16 inch panels on 24 inch rafters and joists?


#1

I’m replacing a 30 year metal roof with EZ Snap 16 inch metal panels. This is a Gambrell Roof - 7/12 to 18/12 to 5/12 pitch with 7/12 to 5.5/12 pitch transition at the dormers. The old roof was damaged from snow and ice ripping the exposed screws out of the panels. We average 30 feet of snow here plus rain. So it’s important to keep the snow moving. I’m in an isolated community. Supplies are 300 miles away. So I’m trying to work with what I have.

The existing joists and rafters are 24inch centers. The panels are 16 inch. The sheathing is 1/2 CDX. I’m using 1" pancake screws (couldn’t find any shorter). I’ve completed 1/2 of the roof (the carport side).

Pancake screws are set at 12" on center. Quite frankly I didn’t realize the sheathing was 1/2 inch until I started the project. I’m about to replace sheathing on the 5/12 pitch located below two dormers (East Side) as the sheathing is weak and one piece was rotted. This area of the roof is over a living area. Before I place my order I have a couple questions.

I’m beginning to have visions of the panels lifting up in a few years from wind (gable trim should help here, the current roof doesn’t have any) and snow and ice dumping off the dormers to the lower 5/12 pitch roof.

My question:
Will the roof survive with 16 inch panels secured every 12 inches primarily to 1/2 CDX plywood?
If I replace all the sheathing on the East Side with 3/4 or ? what other dimensions are changing that I havent’ thought of i.e. distance between roof and bottom of Dormer window?

Pics of roof are at:
public.fotki.com/akdeepwater/roof-project/

Thanks for your help!


#2

you should have 3/4" on 2’ centers,to hold the weight and keep it from flexing,as far as the snow load on the lower roof,have you ever heard of a snow rake,i highly recommend you get one,and remove excess snow as it builds up ,1/2"ply on 16"centers is rated at 4 lb.s per sq.ft. area,3/4" 0n 2’ centers,slightly more–snow gets very heavy,and you should try and keep it clear—you will probably have problems w/screws ripping out where you have 1/2" on 2’ centers unless you can keep the heat off-also insulate as much as possible to keep the house heat from melting the snow into ice as that will make the situation that much worse-good luck!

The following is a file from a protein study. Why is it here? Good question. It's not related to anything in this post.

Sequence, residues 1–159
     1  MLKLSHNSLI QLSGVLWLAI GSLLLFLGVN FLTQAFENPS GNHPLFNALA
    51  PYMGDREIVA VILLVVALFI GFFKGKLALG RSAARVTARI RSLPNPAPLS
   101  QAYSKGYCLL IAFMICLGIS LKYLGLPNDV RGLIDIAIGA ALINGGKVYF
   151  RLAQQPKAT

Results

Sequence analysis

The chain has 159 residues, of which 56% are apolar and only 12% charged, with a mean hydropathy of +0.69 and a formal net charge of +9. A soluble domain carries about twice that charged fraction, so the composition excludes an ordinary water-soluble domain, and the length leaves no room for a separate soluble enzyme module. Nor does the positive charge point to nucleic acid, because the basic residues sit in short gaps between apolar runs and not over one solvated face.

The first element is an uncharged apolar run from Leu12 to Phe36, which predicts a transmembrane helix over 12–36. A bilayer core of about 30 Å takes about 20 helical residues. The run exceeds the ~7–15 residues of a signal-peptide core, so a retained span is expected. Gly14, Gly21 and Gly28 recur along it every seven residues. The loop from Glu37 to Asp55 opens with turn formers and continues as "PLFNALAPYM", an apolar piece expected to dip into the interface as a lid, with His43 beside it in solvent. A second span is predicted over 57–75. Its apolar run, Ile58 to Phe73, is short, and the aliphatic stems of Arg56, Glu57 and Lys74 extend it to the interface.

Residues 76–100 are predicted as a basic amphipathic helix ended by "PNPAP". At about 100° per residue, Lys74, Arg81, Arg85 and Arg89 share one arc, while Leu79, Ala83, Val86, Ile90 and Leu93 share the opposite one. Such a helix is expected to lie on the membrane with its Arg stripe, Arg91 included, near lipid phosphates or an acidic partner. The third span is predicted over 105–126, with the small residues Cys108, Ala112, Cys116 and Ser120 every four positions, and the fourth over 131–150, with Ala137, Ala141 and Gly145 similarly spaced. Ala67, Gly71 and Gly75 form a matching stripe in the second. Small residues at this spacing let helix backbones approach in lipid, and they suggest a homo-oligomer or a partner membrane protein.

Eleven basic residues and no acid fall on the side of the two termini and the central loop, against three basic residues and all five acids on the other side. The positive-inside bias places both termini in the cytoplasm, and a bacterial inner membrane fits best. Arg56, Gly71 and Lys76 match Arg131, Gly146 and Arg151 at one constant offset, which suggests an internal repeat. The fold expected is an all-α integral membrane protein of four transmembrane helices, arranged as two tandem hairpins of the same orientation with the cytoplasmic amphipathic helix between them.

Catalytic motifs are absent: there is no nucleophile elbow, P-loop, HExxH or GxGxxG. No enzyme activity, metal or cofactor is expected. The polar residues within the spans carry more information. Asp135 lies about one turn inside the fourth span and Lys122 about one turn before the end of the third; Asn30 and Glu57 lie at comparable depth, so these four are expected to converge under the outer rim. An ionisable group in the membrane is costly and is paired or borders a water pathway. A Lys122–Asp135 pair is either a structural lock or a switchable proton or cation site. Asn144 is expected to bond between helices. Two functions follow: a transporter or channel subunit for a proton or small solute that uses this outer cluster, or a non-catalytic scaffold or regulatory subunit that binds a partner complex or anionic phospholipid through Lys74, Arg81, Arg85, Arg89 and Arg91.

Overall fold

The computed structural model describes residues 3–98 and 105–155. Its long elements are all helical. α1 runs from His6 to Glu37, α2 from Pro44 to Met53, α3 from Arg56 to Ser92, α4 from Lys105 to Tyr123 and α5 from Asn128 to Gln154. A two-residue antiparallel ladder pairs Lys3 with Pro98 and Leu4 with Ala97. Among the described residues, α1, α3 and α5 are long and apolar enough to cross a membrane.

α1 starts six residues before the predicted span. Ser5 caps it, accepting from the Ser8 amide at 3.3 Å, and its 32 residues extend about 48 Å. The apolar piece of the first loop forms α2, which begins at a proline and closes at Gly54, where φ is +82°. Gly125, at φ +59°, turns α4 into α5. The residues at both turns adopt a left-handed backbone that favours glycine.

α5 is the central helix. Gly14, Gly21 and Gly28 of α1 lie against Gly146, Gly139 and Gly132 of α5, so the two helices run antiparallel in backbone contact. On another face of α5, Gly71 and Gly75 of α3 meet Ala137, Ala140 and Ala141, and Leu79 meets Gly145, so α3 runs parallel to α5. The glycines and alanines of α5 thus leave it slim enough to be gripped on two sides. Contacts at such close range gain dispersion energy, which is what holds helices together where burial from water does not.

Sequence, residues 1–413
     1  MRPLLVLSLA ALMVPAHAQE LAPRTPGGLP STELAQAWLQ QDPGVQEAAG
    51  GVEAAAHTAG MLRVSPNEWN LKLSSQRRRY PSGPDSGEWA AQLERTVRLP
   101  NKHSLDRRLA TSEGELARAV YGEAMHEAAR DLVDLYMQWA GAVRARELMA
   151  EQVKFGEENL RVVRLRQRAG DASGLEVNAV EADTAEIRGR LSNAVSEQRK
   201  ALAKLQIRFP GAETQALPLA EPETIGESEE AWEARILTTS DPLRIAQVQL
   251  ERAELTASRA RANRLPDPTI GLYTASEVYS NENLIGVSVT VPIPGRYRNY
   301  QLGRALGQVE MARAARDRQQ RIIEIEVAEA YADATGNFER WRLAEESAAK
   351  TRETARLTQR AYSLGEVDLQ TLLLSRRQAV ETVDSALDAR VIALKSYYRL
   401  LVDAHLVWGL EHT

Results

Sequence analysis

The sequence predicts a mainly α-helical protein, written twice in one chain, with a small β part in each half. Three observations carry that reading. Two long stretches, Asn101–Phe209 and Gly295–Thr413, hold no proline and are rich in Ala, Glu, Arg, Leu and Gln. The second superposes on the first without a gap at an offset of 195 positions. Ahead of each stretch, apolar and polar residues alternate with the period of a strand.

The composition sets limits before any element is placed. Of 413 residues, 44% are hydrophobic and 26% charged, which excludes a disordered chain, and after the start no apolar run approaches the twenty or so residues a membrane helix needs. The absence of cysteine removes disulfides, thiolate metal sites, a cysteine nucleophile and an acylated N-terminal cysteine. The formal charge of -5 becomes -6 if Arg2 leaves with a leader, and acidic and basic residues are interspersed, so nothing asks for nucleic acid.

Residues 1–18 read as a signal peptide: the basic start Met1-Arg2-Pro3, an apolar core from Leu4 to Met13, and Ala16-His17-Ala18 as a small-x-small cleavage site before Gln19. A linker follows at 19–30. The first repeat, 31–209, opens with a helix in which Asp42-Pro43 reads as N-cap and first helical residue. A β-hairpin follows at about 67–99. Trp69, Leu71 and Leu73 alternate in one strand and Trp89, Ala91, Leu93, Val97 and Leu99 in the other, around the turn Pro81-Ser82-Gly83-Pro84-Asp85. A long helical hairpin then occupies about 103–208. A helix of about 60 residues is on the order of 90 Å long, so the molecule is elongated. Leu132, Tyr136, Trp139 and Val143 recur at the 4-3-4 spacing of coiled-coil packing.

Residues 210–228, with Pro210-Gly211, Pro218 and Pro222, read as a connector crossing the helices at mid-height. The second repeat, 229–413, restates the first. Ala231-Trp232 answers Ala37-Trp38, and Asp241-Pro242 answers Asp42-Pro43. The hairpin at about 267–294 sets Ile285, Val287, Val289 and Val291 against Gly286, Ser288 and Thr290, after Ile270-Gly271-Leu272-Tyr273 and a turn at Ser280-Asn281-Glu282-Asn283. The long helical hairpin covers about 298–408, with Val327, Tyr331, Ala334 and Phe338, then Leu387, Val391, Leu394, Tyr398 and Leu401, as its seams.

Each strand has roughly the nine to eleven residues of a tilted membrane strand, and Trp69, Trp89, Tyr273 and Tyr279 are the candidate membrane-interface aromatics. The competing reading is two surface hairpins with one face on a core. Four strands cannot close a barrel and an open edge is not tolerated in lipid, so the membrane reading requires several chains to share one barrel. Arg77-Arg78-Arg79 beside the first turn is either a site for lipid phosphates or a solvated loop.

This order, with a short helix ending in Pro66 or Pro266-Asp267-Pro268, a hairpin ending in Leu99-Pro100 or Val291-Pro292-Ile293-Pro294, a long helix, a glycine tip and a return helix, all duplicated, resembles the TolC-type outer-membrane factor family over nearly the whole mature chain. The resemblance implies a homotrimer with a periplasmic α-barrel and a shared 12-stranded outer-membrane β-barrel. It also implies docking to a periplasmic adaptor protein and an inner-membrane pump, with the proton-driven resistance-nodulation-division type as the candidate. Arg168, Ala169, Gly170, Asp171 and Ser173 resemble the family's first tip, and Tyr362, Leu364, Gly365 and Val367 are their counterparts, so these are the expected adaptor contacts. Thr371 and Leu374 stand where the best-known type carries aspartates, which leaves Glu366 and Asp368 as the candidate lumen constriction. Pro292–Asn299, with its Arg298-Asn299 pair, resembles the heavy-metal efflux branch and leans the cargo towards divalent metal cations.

#3

Hello,

Judging from your screen name I assume that you live in Alaska. I live in Anchorage and install metal roofing. Send me a pm and I can give you the name of a man who works at Diomede (a metal panel supplier) in Anchorage. He should be able to answer any of your questions.

Keith


#4

Thanks for your thoughts. I wasn’t very clear about the metal I’m laying now. The EZ Snap is hidden screws. The metal I removed was exposed screws.

I’m afraid the impact of the snow and ice coming off the dormers will jar the screws loose (not enough bite into 1/2 inch) and sense the screws are hidden I won’t know they’re loose until the sections of panels finally lift up during a high wind.

So to rephrase the question:
Do I have enough “bite” to hold the panels in place for 30+ years using 1/2 inch plywood, 1 inch pancake screws and 12 inch spacing between screws along the panel edge. No credit for occasionally screwing into a joist.


#5

YOU SHOULD AS TYPICAL IS 1 EVERY 24",W/1ST &LAST W/IN 6 " OF THE TOP OR BOTTOM(W/PROPER THICKNESS PLYWOOD TO CARRY THE WEIGHT OF THE SPAN–MY ONLY CONCERN IS THAT 1/2" IS BELOW SPEC FOR 24" CENTERS,AND THAT ADDED WEIGHT WOULD BOW THE STRUCTURE AND CAUSE SCREW POPPING


#6

Thanks again. I think you’re right. The bowing and flexing of the structure is more problematic than the actual falling snow load. I can find 3/4 CDX locally for $32.99 per sheet. No one inch available.

Is it okay to replace the weak 1/2 that I find and the lay the new 3/4 inch over the all of the existing 1/2 inch?


#7

it shouldnt be a problem as long as you dont cover anything wet,and make sure to nail extra like every 5-6" to make it that much stronger


#8

i would replace any wet sheathing that i cant dry out,so it doesnt warp under the new system